Remember the summer everyone played Pokémon Go? The world seemed a nicer place, for a while. People would stop to point out Jigglypuff to strangers on street corners, then run together with others across a park for a Dragonite. I've heard genuine nostalgia for this time; a thought things might feel a little brighter if everyone still played, the world just a bit better than what we've got today.
But that old world still exists. Of course it does. That feeling from 2016 - yes, the halcyon summer of all the way back three years ago - is still out there, even if it might seem a little harder to find. Positive interactions with others because of the games we share continue to take place all around us, regardless of how things sometimes seem. And that feeling is only amplified when these interactions take place in real life - something Pokémon Go continues to excel at.
Whether asking you to meet up to tackle tough Pokémon battles, or encouraging the sharing of local knowledge when a rare quest or creature pop ups nearby, Pokémon Go is built to foster a community amongst its players. And for those who aren't of the age they should be hanging around in Discord or Facebook groups with strangers, there's the more passive feeling of being part of a community when walking around a park on a Community Day alongside friends or family, where you feel inescapably part of something else.
From friends lists which show what others are up to, virtual postcards with gifts from places you've visited, and trading to allow you to help others fill their Pokédex, the game has grown its multiplayer feature set considerably over time. And while its most recent addition is high-level content for solo play, next year will bring full support and in-game leagues for its growing multiplayer battling scene, and - even more up my street - an AR mode where you can simply hang out and feed you and your friend's favourite creatures. There's plenty of life in Pokémon Go yet.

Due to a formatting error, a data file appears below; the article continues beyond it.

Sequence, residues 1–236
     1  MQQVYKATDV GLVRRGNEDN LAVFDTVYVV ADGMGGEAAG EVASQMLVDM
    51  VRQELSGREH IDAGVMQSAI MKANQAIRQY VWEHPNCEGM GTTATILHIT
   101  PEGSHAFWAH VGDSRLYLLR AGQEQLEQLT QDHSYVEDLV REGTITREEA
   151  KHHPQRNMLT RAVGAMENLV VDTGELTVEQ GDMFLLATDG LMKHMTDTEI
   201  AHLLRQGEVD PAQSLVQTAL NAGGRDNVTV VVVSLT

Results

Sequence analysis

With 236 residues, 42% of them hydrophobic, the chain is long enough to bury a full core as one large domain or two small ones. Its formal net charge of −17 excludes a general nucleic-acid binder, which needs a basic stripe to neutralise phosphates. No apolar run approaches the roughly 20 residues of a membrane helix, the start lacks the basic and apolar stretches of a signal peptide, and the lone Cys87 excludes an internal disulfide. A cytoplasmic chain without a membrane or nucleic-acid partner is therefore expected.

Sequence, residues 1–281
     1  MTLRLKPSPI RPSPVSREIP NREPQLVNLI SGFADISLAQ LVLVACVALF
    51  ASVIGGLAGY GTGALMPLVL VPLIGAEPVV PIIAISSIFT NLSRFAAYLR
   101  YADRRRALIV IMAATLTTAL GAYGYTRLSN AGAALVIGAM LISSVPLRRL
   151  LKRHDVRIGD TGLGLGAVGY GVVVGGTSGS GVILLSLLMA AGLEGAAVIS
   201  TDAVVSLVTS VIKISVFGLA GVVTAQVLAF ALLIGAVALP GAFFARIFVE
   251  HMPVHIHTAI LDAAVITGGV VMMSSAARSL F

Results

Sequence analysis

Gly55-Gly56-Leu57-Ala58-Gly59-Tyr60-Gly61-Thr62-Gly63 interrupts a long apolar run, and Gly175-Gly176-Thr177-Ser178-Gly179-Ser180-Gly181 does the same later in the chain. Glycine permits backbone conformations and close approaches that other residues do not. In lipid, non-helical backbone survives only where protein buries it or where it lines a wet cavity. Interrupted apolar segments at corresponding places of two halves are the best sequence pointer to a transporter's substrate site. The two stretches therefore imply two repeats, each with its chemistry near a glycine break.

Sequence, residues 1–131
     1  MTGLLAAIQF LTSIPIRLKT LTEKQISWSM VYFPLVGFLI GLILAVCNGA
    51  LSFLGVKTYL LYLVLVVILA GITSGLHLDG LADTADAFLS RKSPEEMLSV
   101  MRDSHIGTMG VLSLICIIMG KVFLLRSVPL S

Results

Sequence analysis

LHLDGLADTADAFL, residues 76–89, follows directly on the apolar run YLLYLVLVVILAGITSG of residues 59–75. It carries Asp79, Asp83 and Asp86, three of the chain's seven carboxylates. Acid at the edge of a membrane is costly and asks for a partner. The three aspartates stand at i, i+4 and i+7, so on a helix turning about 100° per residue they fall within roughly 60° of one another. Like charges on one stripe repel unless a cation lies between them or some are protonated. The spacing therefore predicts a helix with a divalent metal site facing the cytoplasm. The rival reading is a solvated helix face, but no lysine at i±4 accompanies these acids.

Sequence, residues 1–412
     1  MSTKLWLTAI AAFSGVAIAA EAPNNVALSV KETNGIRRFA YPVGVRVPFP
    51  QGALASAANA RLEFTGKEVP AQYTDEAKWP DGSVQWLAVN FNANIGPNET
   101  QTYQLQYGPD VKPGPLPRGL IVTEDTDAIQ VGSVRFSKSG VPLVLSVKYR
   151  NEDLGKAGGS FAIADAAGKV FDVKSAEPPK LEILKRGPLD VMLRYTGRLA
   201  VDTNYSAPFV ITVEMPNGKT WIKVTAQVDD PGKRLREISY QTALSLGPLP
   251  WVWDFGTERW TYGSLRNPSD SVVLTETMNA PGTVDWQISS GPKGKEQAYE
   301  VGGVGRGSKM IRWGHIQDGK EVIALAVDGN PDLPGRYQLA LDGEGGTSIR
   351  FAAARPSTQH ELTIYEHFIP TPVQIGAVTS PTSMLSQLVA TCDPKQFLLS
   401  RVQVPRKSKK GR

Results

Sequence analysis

This weekend I was walking into town - the long way, as usual. I passed a Pokémon gym currently under attack from a rival team and noticed a group of Chinese students on their phones, obviously playing Pokémon Go together. I stopped, reversed a few paces, held up my phone to show I was playing too. We laughed, and they held out their hands to high five. And that was it - we high-fived. But it meant: you're someone doing the same thing I am, out playing this game. We're on rival teams, but we're alike, you and I. And I am genuinely thankful Pokémon Go exists to spark these interactions - we need them now more than ever.